I went into Victoria’s Secret and bought a lacy little underwire number in my new size, 36 C, of which there were so, so, so many items in stock. I wore tank tops and camisoles around town, the kinds of shirts that before might have gotten me arrested. I went jogging with a single sports bra instead of my usual trio. At night, in the bathtub, I lay for an hour, watching them float, feeling their lightness, experiencing what I can only describe as an almost religious elation at my new form, at these things that were now a part of me, these delicate, dainty, light-as-feathers breasts.

For the next several years, I relished the change. I was able to nurse, though not well or easily, not without near-constant pumping to keep up my milk supply. I was able to find clothes that fit and to exercise, and to wear a bathing suit that looked like a bathing suit. I even became a sort of breast-reduction proselytizer to any big-chested friend I made. Often, they confessed to having considered the surgery themselves, and my usual response was unequivocal: “Do it,” I told them. “I can’t recommend it highly enough.”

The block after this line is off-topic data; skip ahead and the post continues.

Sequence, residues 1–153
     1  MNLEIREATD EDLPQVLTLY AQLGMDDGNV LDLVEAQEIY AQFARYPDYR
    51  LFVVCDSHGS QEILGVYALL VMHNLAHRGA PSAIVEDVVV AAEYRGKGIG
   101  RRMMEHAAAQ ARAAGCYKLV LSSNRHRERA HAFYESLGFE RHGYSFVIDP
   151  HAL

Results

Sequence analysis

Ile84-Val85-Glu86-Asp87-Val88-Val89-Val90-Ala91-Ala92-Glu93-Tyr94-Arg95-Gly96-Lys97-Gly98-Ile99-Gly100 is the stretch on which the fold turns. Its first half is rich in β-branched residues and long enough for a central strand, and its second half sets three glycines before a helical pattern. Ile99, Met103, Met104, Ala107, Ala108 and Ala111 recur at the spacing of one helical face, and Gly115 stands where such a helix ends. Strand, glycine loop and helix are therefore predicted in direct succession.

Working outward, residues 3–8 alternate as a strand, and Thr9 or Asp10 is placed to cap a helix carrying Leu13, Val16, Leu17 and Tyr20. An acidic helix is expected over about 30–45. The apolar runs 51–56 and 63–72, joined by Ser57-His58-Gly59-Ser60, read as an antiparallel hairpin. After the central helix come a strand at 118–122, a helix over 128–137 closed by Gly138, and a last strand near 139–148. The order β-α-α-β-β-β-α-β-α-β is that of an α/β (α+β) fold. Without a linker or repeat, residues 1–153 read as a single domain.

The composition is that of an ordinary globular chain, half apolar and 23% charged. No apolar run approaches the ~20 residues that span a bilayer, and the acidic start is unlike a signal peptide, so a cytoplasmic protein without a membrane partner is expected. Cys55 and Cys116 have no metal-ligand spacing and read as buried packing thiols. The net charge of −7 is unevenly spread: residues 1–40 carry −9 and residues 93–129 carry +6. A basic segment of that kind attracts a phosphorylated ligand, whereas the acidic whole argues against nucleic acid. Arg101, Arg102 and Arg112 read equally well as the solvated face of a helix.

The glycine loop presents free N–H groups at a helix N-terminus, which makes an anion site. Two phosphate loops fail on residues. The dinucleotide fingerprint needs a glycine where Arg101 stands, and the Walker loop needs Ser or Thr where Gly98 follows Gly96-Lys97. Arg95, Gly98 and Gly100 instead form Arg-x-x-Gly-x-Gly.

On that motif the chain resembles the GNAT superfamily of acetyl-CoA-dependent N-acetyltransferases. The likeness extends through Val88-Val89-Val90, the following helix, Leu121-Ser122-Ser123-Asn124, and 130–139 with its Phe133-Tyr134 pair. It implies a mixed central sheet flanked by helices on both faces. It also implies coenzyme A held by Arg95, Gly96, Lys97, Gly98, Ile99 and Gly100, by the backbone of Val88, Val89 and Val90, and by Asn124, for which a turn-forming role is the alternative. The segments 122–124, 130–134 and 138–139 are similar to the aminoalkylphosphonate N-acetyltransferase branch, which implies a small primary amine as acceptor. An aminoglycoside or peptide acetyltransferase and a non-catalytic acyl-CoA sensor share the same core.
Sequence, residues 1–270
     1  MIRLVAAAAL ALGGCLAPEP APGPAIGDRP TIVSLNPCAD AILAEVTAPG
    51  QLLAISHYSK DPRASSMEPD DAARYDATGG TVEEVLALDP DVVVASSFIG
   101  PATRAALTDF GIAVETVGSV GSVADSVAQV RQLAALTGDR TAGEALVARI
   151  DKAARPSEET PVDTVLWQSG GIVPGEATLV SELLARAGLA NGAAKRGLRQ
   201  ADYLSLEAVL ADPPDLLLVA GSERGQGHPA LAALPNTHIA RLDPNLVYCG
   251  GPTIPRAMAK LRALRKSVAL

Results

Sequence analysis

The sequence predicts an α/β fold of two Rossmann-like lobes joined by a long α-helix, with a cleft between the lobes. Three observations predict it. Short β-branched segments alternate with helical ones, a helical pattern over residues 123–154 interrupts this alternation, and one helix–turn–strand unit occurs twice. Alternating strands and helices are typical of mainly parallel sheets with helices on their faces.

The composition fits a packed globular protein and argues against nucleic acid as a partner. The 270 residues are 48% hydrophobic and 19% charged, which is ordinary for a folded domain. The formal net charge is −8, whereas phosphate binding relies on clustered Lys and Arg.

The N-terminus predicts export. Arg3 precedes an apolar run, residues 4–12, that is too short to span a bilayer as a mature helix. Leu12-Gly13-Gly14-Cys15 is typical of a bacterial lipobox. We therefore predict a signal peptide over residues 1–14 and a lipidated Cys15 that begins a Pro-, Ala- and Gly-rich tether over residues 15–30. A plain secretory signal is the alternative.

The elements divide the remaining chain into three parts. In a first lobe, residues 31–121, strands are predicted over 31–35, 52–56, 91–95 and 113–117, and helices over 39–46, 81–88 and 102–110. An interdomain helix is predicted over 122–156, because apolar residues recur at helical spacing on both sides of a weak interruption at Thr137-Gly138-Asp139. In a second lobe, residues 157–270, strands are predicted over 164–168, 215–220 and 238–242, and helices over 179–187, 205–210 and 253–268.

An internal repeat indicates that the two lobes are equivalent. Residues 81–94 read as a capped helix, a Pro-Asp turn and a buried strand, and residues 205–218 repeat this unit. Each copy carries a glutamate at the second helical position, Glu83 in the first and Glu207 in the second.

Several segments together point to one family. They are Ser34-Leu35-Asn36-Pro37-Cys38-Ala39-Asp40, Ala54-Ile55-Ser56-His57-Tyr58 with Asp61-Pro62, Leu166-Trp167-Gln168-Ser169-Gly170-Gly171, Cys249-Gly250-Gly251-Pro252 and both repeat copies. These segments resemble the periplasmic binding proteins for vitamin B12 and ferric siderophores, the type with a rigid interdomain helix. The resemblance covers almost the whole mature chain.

But then, as I entered my 30s, something strange happened. The large-chested women I knew -- women who in their 20s might have been as ready as I was to declare that they hated their breasts -- weren’t hating them anymore. They were flaunting them, and reading fashion blogs like GabiFresh and girlwithcurves, sites where young, plus-size women posted gorgeous pictures of themselves with articles about how to dress fashionably at larger sizes. They were watching Christina Hendricks kick ass in emerald, body-hugging dresses and pencils skirts, or delighting as plus-size models made their way onto magazine covers and runways. Everywhere I looked, there seemed to be a new generation of women who were willing not just to accept themselves at larger sizes, but to celebrate a more womanly shape. Out with Carrie Bradshaw, in with Lena Dunham. And now, I felt strangely left out, just as I had as a double-D during the diet-crazed, thin-at-all-cost culture of the '80s and '90s.